The Girl and Youth-Led Street Art Movement to #StopStreetHarassment
Natasha Harris-Harb and Sophie Sandberg
The Chalk Back movement that started in March 2016 is a rapidly growing collective of over 150 young activists from around the world. As part of a university class project, Sophie decided to collect experiences of street harassment, write them out verbatim with chalk on the streets where they occurred alongside the hashtag #stopstreetharassment, and post them on the Instagram account @catcallsofnyc. Two years later, the account gained popularity. Other catcallsof accounts opened in London, Amsterdam, Ottawa, Dhaka, Nairobi, Cairo, and Sydney. These accounts, discussed below, are just a few of those spanning 150 cities in 49 countries in 6 continents. We are two Chalk Back members—Natasha from Ottawa and Sophie from New York City—highlighting the risk, empowerment, and power dynamics of what we call chalking back by amplifying the voices of those doing this work around the world.
This article analyses a spectacle, a wrestling match, that brings out the problem of violence against women and the role of activist organisations such as the Centro de Información y Desarrollo de la Mujer (CIDEM) to raise awareness among people and to influence the Bolivian state to change the gender of the law. In effect, it considers CIDEM’s vigilant role, by visualising cases of femicides in partnership with the press, is translated in wrestling matches. The article considers one such wrestling match I witnessed in El Alto, Bolivia, and argues that CIDEM’s vigilant role extends to overlooking and complementing the vigilant roles of the state and customary legal systems in El Alto that are unable to prevent femicides: women being killed by men because of their gender.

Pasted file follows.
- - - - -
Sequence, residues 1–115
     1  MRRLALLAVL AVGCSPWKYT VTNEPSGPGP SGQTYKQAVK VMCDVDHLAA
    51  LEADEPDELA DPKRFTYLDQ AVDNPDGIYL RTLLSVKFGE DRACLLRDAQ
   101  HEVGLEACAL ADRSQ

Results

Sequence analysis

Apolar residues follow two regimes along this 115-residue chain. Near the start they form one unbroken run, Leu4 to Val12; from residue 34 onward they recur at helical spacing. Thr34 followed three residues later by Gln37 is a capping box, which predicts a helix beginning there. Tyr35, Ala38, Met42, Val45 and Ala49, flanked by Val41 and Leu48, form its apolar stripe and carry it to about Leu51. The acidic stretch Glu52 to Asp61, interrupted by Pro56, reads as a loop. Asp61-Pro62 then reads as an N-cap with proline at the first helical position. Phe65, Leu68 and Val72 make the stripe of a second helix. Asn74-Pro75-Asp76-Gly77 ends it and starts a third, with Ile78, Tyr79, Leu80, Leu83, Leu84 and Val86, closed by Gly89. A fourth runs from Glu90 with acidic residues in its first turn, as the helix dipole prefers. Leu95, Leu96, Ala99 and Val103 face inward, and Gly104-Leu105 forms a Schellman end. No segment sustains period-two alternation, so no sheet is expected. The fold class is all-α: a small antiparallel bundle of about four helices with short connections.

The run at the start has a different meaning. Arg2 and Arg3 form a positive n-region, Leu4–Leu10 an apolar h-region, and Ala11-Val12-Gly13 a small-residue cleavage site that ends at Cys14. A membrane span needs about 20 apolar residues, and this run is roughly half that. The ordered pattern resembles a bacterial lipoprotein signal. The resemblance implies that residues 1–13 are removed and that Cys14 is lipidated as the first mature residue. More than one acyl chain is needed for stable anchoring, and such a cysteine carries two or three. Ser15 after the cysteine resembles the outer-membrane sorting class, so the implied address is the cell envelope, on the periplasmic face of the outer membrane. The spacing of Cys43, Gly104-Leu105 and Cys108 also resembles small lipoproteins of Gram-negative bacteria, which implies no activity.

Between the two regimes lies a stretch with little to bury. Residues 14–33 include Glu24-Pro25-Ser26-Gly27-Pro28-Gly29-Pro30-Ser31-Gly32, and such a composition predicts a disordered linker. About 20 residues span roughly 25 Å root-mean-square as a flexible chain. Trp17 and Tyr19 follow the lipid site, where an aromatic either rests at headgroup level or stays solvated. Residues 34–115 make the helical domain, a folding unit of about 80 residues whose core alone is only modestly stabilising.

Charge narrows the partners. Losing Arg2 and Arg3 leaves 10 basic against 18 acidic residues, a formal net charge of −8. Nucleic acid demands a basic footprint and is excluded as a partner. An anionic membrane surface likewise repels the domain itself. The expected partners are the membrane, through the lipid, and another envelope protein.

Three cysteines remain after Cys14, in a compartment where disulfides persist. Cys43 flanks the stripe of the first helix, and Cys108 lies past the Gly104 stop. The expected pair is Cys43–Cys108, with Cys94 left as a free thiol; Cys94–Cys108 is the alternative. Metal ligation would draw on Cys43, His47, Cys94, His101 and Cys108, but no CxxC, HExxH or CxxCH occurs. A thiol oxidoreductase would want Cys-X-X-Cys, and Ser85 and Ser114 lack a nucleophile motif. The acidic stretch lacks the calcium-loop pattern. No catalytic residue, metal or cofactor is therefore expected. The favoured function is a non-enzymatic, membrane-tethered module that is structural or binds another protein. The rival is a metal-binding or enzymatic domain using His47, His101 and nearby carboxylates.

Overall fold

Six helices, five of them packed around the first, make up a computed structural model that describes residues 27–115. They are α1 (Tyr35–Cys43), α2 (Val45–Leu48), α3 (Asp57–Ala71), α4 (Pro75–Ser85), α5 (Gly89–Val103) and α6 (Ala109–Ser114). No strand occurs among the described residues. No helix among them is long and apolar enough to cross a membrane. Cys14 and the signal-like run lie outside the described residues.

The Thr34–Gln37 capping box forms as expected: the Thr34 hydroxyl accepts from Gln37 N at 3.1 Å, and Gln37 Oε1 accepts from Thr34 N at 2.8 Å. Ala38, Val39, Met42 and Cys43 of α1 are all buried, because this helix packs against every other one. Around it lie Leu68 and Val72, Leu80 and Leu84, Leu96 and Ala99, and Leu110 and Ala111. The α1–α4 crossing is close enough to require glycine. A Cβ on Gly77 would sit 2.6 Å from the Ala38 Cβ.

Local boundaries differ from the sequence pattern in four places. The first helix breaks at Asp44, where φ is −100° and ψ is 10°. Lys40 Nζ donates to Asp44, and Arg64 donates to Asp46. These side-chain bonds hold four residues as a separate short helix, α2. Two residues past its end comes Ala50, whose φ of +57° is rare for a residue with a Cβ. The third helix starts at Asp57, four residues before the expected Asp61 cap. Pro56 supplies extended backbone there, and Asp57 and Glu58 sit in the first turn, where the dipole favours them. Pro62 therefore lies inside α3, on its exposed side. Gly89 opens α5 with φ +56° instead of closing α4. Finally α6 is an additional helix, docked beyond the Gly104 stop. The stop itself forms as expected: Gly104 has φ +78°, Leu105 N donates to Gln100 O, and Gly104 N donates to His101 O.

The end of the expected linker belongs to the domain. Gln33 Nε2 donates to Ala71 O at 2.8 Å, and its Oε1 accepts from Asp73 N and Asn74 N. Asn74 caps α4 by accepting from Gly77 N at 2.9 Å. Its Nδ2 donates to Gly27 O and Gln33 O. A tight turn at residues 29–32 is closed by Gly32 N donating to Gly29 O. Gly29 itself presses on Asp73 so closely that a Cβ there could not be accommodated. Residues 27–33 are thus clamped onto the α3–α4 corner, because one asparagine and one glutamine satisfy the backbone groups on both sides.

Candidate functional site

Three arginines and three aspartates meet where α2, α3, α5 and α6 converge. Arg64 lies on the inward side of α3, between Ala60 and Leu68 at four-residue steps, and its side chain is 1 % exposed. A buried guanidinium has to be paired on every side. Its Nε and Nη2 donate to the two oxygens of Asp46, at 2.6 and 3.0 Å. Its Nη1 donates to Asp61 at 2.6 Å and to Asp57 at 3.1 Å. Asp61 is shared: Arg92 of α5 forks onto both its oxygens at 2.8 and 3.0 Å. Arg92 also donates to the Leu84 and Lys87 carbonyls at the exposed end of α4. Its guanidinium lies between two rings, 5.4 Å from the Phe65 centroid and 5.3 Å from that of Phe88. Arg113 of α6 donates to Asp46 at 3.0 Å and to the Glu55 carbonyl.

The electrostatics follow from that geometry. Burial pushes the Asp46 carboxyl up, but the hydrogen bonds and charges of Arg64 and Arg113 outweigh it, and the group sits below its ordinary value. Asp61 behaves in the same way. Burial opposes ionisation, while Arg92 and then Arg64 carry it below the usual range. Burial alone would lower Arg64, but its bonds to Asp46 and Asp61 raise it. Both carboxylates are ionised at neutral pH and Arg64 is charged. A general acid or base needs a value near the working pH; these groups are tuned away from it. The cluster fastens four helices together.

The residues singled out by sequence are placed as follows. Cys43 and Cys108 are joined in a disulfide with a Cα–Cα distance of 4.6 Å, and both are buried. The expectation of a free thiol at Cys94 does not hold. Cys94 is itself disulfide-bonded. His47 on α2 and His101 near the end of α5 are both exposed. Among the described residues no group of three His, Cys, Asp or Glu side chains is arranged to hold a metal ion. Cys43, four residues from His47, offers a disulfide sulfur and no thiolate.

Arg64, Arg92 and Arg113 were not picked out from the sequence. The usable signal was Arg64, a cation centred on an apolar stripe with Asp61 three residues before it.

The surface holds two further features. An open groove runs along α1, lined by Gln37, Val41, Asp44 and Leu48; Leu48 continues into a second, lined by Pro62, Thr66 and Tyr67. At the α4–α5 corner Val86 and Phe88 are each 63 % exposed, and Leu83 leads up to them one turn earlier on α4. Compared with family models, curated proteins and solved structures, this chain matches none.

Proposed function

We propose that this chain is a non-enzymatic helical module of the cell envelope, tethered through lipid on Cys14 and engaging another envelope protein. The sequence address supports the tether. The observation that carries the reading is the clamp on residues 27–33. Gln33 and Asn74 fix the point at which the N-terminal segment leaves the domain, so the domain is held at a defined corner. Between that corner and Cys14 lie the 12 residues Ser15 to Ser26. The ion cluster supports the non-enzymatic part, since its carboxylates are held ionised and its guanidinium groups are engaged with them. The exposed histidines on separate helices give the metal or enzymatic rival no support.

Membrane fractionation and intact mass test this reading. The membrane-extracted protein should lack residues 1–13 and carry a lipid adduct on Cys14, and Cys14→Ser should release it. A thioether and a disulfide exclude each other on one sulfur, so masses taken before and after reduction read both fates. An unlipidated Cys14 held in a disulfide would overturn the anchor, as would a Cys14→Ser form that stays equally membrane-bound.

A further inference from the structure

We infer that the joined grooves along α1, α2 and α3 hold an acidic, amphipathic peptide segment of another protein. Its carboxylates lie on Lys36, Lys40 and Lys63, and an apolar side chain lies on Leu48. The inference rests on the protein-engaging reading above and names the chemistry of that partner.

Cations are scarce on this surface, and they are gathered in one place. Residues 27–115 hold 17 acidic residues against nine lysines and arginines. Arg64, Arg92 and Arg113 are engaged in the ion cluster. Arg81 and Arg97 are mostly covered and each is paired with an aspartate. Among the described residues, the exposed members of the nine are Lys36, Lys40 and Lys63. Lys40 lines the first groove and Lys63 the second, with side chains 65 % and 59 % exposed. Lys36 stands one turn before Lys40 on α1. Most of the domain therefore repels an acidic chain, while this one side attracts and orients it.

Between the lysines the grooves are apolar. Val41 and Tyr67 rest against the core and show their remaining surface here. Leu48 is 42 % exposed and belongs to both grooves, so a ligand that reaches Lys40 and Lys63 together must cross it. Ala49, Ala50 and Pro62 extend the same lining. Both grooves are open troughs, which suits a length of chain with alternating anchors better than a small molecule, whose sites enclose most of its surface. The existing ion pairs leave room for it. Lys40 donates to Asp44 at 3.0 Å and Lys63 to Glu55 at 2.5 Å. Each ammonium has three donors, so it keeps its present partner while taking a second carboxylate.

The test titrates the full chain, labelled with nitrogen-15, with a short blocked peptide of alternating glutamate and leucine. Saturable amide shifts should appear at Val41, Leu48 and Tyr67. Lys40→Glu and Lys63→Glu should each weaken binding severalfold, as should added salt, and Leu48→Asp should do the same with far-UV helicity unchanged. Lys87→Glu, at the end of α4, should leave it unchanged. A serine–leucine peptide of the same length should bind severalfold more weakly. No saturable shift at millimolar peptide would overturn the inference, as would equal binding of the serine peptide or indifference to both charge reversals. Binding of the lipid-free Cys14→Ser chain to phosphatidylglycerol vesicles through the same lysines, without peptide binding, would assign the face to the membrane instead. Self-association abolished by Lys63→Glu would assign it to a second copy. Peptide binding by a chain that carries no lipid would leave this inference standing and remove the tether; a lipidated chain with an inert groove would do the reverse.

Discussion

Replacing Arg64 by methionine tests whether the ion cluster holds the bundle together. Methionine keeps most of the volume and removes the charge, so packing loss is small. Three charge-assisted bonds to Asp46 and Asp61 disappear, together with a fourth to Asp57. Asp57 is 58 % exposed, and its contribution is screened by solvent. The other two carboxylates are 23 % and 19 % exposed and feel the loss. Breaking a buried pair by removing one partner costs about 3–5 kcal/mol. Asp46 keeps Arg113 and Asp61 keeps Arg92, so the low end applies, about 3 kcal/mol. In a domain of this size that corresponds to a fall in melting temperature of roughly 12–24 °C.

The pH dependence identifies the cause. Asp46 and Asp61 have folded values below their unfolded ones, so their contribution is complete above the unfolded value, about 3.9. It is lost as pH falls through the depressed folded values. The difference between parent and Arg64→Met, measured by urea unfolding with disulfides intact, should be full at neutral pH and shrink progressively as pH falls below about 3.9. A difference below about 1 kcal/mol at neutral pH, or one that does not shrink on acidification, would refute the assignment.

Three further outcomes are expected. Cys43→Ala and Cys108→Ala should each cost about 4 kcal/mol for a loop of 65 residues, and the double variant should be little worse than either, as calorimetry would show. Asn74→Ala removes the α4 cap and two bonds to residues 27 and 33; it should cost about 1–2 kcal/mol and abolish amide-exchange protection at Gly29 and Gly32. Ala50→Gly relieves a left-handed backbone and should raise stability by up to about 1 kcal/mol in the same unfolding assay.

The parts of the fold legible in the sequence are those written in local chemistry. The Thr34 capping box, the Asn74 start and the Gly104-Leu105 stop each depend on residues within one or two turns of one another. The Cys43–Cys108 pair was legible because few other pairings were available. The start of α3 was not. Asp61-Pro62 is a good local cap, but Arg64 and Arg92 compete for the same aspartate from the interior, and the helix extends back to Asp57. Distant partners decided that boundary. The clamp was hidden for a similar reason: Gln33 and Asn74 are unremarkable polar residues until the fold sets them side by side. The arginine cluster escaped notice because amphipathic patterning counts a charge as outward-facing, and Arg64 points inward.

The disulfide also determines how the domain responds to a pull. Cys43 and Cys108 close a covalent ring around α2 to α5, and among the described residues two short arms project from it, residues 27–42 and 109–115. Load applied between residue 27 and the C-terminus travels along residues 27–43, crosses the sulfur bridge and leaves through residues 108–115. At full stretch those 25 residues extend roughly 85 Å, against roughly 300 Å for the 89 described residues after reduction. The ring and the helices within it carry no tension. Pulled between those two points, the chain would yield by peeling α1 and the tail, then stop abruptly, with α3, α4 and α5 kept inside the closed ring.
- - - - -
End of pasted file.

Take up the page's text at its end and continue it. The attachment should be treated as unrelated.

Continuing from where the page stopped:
This article sketches a theoretical framework and research agenda for what is labeled as “Comparative Democratic Theory.” It is introduced as an approach to democratic theory which is informed by conceptual and methodological debates from “Comparative Political Theory” (CPT) as well as from insights from a global history of democratic thought. The inclusion of CPT perspectives into democratic theory is motivated by what is diagnosed as a conceptual blindness in Western democratic theory. When following this approach, however, the two extremes of unjustified universalism and normatively problematic relativism both must be avoided. To do so, a mode of sound abstraction is proposed, using the term “constellation,” and a discussion of aims and benefits of Comparative Democratic Theory is presented.